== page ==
5. Under Edit > Auto- Align Layers > OK. By doing this, Photoshop will try and align your two photos together. The margin of error can be very large, so you don’t always have to take two exactly similar photos from the exact same position (i.e. using a tripod). Note that both layers have been renamed to “Layer 0” and “Layer 1”.
6. Under Edit > Auto- Blend Layers > Stack Images > Tick “Seamless Tones and Colors” > OK. By doing this, Photoshop will choose the sharpest points in the photo and merge them together into one final image.
7. Right-click on “Layer 0” and “Layer 1” and select “Flatten Image”.
8. Crop the photo (removing “missing” areas) and you are done! Feel free to apply any other post-processing techniques hehe XD Here’s the final photo:
Well, there you have it, a simple yet effective way of overcoming shallow DOF in Macro Photography. Granted, it will take a little more effort, time and processing power to get the final image, but I can assure you that it is really worth it, since you will be getting shots most are not capable of. However, there are three things that you should keep in mind:
- Focus Stacking is only good if there is minimal to no movement of your subject. Even a small movement from your subject will ruin the shot since the photos can no longer be aligned properly (unless if you are going to Photoshop everything separately).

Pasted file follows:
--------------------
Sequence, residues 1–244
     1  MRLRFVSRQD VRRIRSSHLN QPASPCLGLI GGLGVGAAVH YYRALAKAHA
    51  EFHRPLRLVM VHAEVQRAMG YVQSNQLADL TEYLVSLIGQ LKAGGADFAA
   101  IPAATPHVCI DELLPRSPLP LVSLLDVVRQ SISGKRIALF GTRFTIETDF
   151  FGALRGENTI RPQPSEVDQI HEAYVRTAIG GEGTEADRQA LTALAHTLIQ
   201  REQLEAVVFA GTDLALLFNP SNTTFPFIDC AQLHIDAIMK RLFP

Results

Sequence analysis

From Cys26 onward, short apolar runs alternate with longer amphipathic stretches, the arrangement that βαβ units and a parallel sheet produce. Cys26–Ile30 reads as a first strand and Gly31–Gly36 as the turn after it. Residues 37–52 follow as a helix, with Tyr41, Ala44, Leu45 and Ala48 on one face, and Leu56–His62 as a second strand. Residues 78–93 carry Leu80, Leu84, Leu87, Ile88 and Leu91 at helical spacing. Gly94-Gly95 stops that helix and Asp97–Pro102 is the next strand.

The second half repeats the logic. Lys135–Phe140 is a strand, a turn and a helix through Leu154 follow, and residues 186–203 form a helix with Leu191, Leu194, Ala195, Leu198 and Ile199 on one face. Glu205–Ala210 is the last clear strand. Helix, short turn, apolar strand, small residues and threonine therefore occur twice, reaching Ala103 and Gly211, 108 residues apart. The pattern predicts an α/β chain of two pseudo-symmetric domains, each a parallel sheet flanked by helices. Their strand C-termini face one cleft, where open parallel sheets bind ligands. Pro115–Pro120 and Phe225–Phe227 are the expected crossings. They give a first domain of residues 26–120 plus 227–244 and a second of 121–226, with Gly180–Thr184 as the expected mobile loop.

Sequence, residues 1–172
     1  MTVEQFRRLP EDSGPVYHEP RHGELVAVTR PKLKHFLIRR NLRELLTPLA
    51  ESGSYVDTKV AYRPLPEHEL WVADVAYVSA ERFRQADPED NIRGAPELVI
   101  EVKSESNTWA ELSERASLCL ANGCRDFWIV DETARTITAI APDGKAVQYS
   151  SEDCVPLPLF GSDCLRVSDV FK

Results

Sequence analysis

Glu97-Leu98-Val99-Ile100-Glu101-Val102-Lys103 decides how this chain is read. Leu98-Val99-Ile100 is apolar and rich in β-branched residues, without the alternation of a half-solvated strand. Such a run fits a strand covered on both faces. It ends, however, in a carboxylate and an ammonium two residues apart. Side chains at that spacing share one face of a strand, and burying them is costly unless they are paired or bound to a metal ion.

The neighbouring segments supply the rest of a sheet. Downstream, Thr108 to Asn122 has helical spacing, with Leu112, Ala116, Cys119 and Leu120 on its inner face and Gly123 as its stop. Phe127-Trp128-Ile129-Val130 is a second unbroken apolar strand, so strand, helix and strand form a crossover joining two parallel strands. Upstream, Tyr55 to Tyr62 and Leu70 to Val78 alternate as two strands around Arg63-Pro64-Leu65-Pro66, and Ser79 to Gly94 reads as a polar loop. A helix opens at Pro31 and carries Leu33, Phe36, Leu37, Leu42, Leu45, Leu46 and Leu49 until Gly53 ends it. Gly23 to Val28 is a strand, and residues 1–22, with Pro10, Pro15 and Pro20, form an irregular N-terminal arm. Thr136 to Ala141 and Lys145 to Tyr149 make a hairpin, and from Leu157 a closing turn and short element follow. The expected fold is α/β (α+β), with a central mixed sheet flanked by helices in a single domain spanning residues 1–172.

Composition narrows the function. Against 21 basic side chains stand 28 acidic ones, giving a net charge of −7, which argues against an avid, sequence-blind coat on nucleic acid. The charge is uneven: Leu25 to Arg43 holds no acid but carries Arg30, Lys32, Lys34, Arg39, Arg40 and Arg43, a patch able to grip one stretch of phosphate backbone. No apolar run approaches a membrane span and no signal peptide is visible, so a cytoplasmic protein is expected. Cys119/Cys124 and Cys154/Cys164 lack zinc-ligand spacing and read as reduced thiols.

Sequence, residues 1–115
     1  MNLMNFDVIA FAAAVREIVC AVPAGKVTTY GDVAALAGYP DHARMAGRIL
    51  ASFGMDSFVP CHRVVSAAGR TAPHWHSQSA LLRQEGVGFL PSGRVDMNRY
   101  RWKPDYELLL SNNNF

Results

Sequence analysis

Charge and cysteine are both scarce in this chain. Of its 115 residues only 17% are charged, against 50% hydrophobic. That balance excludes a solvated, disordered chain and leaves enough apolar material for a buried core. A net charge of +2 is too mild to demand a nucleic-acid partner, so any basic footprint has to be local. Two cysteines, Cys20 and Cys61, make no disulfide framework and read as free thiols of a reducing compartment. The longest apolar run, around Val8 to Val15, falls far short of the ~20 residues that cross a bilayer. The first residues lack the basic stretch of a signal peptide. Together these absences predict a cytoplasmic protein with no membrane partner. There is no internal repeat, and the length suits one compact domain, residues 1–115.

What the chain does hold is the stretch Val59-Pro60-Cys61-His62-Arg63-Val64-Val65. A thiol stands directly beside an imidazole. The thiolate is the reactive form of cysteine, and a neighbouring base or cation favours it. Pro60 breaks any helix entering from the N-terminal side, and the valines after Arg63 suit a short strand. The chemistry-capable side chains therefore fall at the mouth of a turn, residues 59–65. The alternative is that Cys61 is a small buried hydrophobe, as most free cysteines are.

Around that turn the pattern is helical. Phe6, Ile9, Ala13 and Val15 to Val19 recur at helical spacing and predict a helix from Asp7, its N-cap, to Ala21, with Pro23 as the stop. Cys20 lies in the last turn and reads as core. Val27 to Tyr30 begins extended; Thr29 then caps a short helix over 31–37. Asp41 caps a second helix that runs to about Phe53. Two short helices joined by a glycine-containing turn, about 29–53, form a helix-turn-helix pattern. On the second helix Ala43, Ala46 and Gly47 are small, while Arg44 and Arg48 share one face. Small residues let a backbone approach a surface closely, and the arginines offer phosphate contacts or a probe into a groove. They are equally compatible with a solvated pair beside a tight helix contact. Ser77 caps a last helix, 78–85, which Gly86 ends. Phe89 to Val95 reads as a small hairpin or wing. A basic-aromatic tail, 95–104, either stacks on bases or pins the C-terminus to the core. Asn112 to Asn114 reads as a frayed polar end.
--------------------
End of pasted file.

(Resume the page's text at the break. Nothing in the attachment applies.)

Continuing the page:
- Your shots do not always have to be taken from exactly the same spot (i.e. using a tripod), computer software are smart and can align your shots together even if they are a little bit out-of-angle, so you don’t have to take the perfect shot.
- The higher your magnification, the more shots are required for Focus Stacking. This is especially true for those who are showing super magnified regions of a subject i.e. eyes, proboscis structure etc. For those shots, you might need up to 150 or more shots for stacking to get a detailed, final photo. Of course, for this kind of processing you will need a dedicated Image Stacking software like Zerene.
Challenge Yourself With Focus Stacking!
Now that you know the basics of Focus Stacking it is time to put your skills to the test. The biggest challenge with Focus Stacking is to see how many shots you are capable of taking before the live subject decides to move. This depends largely on
- How fast your manual focusing skills are.
- How rapid your Macro Rig’s flash system can fire without overheating/recharging.
- The subject your are shooting, and how jumpy it is.
Of course, you could take the easy way out by freezing or killing your subject prior to taking your shots, but I personally think this is a cruel and unprofessional way of getting those shots, so I wouldn’t recommend doing it, unless if you are doing it for Scientific publications. Yes, you might get more “Likes” than your usual shots, but there is really nothing to be proud of if you have to torture, or even take a life for a shot with little significance to the Scientific world. If you really want to try this method, at least have the decency to try it on pests or dead insects you find on the ground.
Okay guys, I hope you find this article useful in your quest to overcome shallow DOF in Macro Photography! To be frank, I still suck at taking multiple shots for Focus Stacking, definitely need more practising XD I will write more about this topic when I have truly mastered the necessary skills~
Until then, take care and happy macro-ing!
** All photos in this website are taken and owned by me. The use of any photos here is not allowed without my permission.
** Only one pest was harmed during the producing of this article.